Despite earning £74,000 a year, Tory MP William Wragg has moved in with his parents because he claims he cannot afford to put down a deposit on his own home.
Wragg, who claims to be part of the ‘boomerang generation‘, is the MP for Hazel Grove in Stockport. Coincidentally, just a few months ago I went on a house-hunting trip to Stockport myself because it’s one of the best areas in Manchester for getting a decent amount of house for a reasonable amount of money. When I say ‘reasonable’, really I just mean ‘not-astronomical’.
According to Zoopla, the average property price in Stockport is £212,700. That’s certainly unaffordable for many, but considering it’s also possible to pick up a 2 bedroom house in Stockport for just £100,000, I’m not really sure what Wragg is on about. He’s taking home approximately £4,198.93 a month!
If I earnt his salary, I’d rent a 2 bed terraced house in Stockport for £650, save a deposit while I was there, and be in a home of my own by this time next year. I’d even have cash left over to fully furnish the place.
Let’s imagine Wragg saved just half his salary each month towards a deposit. In the space of 6 months he’d have £12,000. If during this time he also made use of the Torys’ Help to Buy ISA, he’d benefit from an additional £550 from the government.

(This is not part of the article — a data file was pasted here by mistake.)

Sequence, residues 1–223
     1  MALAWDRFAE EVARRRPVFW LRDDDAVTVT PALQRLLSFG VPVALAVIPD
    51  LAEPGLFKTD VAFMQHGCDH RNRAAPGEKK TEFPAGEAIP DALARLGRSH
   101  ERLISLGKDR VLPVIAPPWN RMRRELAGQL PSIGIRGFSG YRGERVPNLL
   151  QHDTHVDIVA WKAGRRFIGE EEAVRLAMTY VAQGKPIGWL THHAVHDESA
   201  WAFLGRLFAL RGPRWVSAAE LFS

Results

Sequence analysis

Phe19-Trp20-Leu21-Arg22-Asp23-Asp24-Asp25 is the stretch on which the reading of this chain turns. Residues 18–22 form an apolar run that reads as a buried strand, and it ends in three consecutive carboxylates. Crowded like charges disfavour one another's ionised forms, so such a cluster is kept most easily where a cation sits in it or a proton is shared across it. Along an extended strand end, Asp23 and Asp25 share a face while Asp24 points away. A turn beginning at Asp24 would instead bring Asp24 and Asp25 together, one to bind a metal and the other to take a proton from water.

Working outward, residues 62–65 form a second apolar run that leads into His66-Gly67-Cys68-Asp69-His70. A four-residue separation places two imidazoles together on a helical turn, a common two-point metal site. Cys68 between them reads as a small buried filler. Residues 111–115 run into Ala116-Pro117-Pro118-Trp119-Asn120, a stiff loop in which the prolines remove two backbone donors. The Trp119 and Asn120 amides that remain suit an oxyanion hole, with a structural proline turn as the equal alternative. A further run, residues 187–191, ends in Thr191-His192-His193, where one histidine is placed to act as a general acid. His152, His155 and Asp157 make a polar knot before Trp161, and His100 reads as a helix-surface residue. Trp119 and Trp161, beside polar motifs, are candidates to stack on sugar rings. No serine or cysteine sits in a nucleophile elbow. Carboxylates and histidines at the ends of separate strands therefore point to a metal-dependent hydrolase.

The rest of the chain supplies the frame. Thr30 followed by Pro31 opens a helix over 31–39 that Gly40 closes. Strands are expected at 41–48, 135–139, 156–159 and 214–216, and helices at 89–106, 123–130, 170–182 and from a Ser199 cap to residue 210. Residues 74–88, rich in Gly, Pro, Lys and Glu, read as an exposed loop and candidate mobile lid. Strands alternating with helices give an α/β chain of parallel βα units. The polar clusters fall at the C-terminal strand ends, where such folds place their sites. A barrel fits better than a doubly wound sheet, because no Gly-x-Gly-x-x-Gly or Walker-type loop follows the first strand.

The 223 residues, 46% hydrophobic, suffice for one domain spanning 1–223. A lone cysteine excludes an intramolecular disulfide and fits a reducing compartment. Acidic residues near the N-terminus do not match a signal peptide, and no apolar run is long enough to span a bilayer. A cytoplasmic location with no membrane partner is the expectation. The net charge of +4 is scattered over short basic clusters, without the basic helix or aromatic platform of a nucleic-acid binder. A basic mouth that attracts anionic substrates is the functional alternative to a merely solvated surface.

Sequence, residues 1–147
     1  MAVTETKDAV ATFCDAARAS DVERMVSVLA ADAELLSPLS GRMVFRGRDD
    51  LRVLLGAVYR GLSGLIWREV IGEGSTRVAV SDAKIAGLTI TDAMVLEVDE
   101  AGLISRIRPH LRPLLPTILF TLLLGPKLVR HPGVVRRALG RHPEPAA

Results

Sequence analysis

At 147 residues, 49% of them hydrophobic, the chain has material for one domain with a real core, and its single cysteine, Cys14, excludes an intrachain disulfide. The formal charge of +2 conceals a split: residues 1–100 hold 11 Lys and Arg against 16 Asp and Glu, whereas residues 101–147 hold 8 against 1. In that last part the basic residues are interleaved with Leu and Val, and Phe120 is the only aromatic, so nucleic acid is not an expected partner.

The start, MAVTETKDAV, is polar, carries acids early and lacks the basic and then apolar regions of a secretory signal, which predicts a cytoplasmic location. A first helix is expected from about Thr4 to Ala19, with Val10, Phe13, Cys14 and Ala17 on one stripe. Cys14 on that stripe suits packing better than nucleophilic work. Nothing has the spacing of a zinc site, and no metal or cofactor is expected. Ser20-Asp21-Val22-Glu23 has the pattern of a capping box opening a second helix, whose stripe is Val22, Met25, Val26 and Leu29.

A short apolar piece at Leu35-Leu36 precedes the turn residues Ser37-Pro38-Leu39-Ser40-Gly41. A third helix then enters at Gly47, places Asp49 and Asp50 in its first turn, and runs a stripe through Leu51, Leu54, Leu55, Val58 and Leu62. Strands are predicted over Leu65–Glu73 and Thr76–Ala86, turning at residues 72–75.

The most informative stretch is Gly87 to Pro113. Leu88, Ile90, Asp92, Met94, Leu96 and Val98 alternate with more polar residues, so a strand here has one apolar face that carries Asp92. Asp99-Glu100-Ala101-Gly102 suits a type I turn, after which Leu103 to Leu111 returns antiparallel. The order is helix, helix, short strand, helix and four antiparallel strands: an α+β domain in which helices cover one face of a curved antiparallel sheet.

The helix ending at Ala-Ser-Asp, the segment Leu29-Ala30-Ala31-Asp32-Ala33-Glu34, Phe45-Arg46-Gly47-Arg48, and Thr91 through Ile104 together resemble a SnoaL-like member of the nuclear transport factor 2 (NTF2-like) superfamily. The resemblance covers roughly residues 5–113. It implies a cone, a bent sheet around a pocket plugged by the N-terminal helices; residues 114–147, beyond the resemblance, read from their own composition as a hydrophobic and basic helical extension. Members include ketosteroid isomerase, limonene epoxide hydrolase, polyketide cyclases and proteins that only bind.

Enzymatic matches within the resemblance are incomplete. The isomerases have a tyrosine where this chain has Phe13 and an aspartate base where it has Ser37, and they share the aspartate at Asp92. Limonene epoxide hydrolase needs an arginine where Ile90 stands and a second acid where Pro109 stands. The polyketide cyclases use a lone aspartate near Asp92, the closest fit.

I don’t want to completely slate Wragg because at the end of the day he’s raising awareness of the diabolical house prices that prospective first-time buyers face.
He said: “I am part of that ‘boomerang generation‘ myself. In a few years hopefully I will have saved up enough for a deposit.
“I know exactly what it is like. I have complete empathy with people in that position. There is no getting away from the fact we face a severe challenge on housing in this country.”
If he can’t afford to buy his own place and has to move in with mum and dad, what hope is there for the rest of us? However, I’m concerned that he’s making things look even worse than they are.
Don’t get me wrong, home ownership is more difficult to achieve than ever before. Due to unreasonable rental costs accompanied by sky-high property prices, first time buyers have never been faced with such a challenge. However, despite what Wragg may lead you to believe, people earning less than £74,000 can certainly become home owners and I’m concerned that when young people hear his story, they’ll automatically assume that home ownership will never be for them.
I suspect Wragg has very high standards and, while a 2 bed property near Stockport’s Edgeley Park football ground would be more than satisfactory for most of us, it just wouldn’t quite cut it for him.